The EU is only protesting government control over the central bank - their main interest, of course. Yet defeat of Orban by the Hungarian working class is what is really needed, similar to what they did in 1919 and 1956. 10s of thousands of demonstrators lead by the Hungarian Solidarity Movement recently forced Orban to leave his new Consitution event by the back door of the Buda palace, which is a start.

Hungary’s government bonds have just been declared ‘junk’ by 3 credit agencies, although these same agencies are suspect due to their own blindness before the 2008 U.S. crash. Hungary was able to get a massive loan from the EU in October 2008, just prior to the recent meltdown in Europe, which has saved it until now. Now Hungary is part of that very same meltdown, as the strapped IMF and the ECB are balking at more loans. Hungary is not in the EU zone, after all. The forint has dropped precipitously in value due to Hungary's difficulties. While some parts of the European populations are moving to the left, others are moving to the right, as the bourgeois ‘middle’ collapses along with its credit ratings and its fat wallets. Hungary provides an example of the latter.

What is the opposition? The Hungarian “Socialist” Party (“SP”) is what is left of the former Communist Party. It is a neo-liberal organization rife with corruption and prostration before Brussels - though it barely lost the last election. However, Fidesz has now passed laws making the SP liable for transgressions by the former Communist Party. The Communist Party has been branded a ‘criminal organization’ and the SP is legally identified as their successor. In other words, anti-communism continues, even against liberals. Sound familiar?

The other main party in Hungary is Jobbik – a far-rightist party that silently murders Gypsys, makes anti-Semitism a plank in their program, and trains with weapons. They have several seats in the European Parliament. For all practical purposes, they are the reincarnation of the Arrow Cross, as Fidesz is Horthy in a suit.

When old Jewish ladies in Budapest worry again – is it any wonder that they might wonder what capitalism has again brought to Hungary?

Red Frog
January 13, 2012

Thursday, January 5, 2012

There's Actually Something on Television?

“Tremé” – Season One, 2010

High-end pay cable has always been off limits as some kind of frivolity expense, where you waste money paying for TV, of all things. For years I’ve been reading reviews about shows I’ve never seen – fascist shit like “24,” gangster love story “The Sopranos,” and the swear-fest “Deadwood.” Now I’ve read and seen bits of the faux-authenticity of Mad Men, the standard sad cop drama “The Wire,” breasts and blood pulp Tolkien rip-off “Game of Thrones” and the biker-thug fantasy “Sons of Anarchy.”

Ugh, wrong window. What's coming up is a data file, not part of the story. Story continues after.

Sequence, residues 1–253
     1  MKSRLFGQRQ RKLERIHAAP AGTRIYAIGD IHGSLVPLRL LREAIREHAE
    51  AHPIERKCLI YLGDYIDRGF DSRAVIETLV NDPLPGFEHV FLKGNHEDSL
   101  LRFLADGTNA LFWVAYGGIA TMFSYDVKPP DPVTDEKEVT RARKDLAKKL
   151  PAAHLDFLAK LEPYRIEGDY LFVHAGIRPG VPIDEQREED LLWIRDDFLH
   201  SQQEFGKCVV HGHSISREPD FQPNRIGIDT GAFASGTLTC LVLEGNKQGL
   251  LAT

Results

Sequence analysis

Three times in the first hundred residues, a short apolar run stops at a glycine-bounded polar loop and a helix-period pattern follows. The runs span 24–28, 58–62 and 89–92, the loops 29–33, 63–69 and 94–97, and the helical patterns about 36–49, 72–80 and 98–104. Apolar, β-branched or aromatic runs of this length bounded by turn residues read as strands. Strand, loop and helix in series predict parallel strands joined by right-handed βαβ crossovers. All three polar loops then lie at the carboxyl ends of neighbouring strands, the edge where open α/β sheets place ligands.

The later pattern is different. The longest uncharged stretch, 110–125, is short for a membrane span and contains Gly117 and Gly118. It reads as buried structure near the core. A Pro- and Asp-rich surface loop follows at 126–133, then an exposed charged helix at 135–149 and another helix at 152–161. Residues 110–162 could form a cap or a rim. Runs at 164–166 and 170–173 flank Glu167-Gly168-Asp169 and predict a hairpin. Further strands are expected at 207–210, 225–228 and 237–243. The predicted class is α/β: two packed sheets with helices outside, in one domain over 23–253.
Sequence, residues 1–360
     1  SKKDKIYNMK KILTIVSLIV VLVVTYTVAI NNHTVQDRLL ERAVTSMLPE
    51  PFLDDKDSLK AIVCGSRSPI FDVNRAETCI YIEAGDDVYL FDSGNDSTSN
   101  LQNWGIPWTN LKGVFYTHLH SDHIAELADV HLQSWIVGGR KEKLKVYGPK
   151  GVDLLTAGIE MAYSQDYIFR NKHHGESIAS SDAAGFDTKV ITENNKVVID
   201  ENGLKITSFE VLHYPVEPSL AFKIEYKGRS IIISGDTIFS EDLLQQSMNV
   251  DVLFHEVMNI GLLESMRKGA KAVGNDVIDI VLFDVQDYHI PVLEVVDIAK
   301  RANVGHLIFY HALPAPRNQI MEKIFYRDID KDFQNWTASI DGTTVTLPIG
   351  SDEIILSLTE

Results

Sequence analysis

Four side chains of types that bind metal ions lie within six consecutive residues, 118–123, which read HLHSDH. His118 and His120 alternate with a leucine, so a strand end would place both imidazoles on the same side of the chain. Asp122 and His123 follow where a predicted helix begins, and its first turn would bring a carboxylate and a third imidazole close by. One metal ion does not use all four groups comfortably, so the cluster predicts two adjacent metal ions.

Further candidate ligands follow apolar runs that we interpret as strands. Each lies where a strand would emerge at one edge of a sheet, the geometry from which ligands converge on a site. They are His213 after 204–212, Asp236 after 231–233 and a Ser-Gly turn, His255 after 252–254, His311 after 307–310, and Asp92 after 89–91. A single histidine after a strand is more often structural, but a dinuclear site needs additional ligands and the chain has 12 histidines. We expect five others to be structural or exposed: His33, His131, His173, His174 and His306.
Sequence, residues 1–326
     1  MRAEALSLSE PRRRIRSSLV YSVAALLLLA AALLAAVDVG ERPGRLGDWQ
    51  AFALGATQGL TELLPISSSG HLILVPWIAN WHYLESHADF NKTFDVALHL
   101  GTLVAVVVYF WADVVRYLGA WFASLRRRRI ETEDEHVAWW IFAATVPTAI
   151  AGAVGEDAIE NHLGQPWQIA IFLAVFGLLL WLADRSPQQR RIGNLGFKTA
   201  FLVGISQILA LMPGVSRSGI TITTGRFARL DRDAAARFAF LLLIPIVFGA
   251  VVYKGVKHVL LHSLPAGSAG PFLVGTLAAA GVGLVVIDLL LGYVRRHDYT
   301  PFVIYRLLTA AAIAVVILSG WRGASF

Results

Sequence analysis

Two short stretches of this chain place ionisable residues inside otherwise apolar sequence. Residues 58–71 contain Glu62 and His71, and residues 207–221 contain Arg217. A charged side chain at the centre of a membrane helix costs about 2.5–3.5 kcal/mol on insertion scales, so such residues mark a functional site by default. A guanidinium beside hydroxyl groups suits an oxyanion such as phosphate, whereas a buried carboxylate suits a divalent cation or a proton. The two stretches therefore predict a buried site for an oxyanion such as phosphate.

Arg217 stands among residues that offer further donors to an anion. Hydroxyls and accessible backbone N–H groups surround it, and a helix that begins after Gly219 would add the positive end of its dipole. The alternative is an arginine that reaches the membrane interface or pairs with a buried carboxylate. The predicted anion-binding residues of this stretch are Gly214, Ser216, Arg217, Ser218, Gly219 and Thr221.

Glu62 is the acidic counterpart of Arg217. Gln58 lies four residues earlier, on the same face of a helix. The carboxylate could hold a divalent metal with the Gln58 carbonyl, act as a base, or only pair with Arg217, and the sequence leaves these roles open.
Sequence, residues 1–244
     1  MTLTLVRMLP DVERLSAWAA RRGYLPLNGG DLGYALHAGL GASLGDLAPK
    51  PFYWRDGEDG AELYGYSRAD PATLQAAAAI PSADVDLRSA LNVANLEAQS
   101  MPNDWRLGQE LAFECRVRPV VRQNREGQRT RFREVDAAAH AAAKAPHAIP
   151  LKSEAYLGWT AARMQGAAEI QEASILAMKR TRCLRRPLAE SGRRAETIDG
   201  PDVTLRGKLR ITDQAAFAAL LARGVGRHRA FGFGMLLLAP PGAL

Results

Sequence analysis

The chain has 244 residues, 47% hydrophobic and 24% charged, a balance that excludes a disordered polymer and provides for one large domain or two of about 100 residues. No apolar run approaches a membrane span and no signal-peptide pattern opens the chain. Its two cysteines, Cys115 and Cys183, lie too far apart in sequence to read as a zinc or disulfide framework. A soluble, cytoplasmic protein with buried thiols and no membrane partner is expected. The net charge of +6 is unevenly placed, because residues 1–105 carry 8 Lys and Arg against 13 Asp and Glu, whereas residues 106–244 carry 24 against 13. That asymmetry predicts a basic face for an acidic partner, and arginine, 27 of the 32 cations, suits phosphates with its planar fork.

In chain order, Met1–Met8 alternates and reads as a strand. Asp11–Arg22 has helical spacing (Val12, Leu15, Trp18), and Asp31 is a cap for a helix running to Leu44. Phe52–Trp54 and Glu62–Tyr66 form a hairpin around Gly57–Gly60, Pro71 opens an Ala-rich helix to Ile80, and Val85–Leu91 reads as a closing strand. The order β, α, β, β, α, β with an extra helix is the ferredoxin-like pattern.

However, one program stuck out. Just one. “Tremé.” (pronounced “TremAY”) So I rented the first season.

Faubourg Tremé is a neighborhood in New Orleans, just west of the French Quarter, across Rampart Street. It is what remains of Storyville, the neighborhood that invented jazz and was behind the development of the blues in the 1920s. (see review of “Birth of the Delta Blues,” below.) It is full of musicians, and is mostly black. The series takes place 3 months after Katrina. It is filmed in a standard Robert Altman ensemble style, following the weaving stories of Treme residents - black Indians, bar owners, restaurateurs, musicians, music-lovers, attorneys and professors – all coping with the dead water left by Katrina. While somewhat romantic and familiar, (indeed, the theme song is a knock-off of “Lovelight”) I think it captures the best parts of the city well.

Tremé pulls few punches politically or culturally. It is the first show I’ve seen on television that takes black culture seriously, as something other than lumpen or buffoonish. The portrayals attempt real people, not thugs, not saints and not comedians. One of the Mardi Gras Indians stands up to the notorious New Orleans PD. He squats in abandoned federal housing untouched by the flood so as to re-open the apartments to the black Orleanians displaced from those buildings. Another story follows the mysterious death of a black youth in police custody just after the flood hit. A third tracks the life of a session trombonist trying to still make it.

Tremé, and by extension New Orleans, is a music city, and musicians are all over this series. Which is extremely rare on television. There are cameos and appearances by Steve Earle, (who actually plays a character), Allen Toussaint, Trombone Shorty, Dr. John, Kermit Ruffins, Elvis Costello, Rebirth Brass Band, Tremé Brass Band, even McCoy Tyner and Ron Carter. I’d say this is a better introduction to New Orleans jazz than the painfully sincere efforts of Ken Burns. Tremé filmed on Jackson Square among street musicians, on Frenchmen Street, and in the clubs of Rampart and others, catching the musicians in the real. Odd and knowledgeable DJ’s on the radio, Japanese jazz benefactors, second-line parades, impromptu concerts and jazz funerals punctuate the episodes.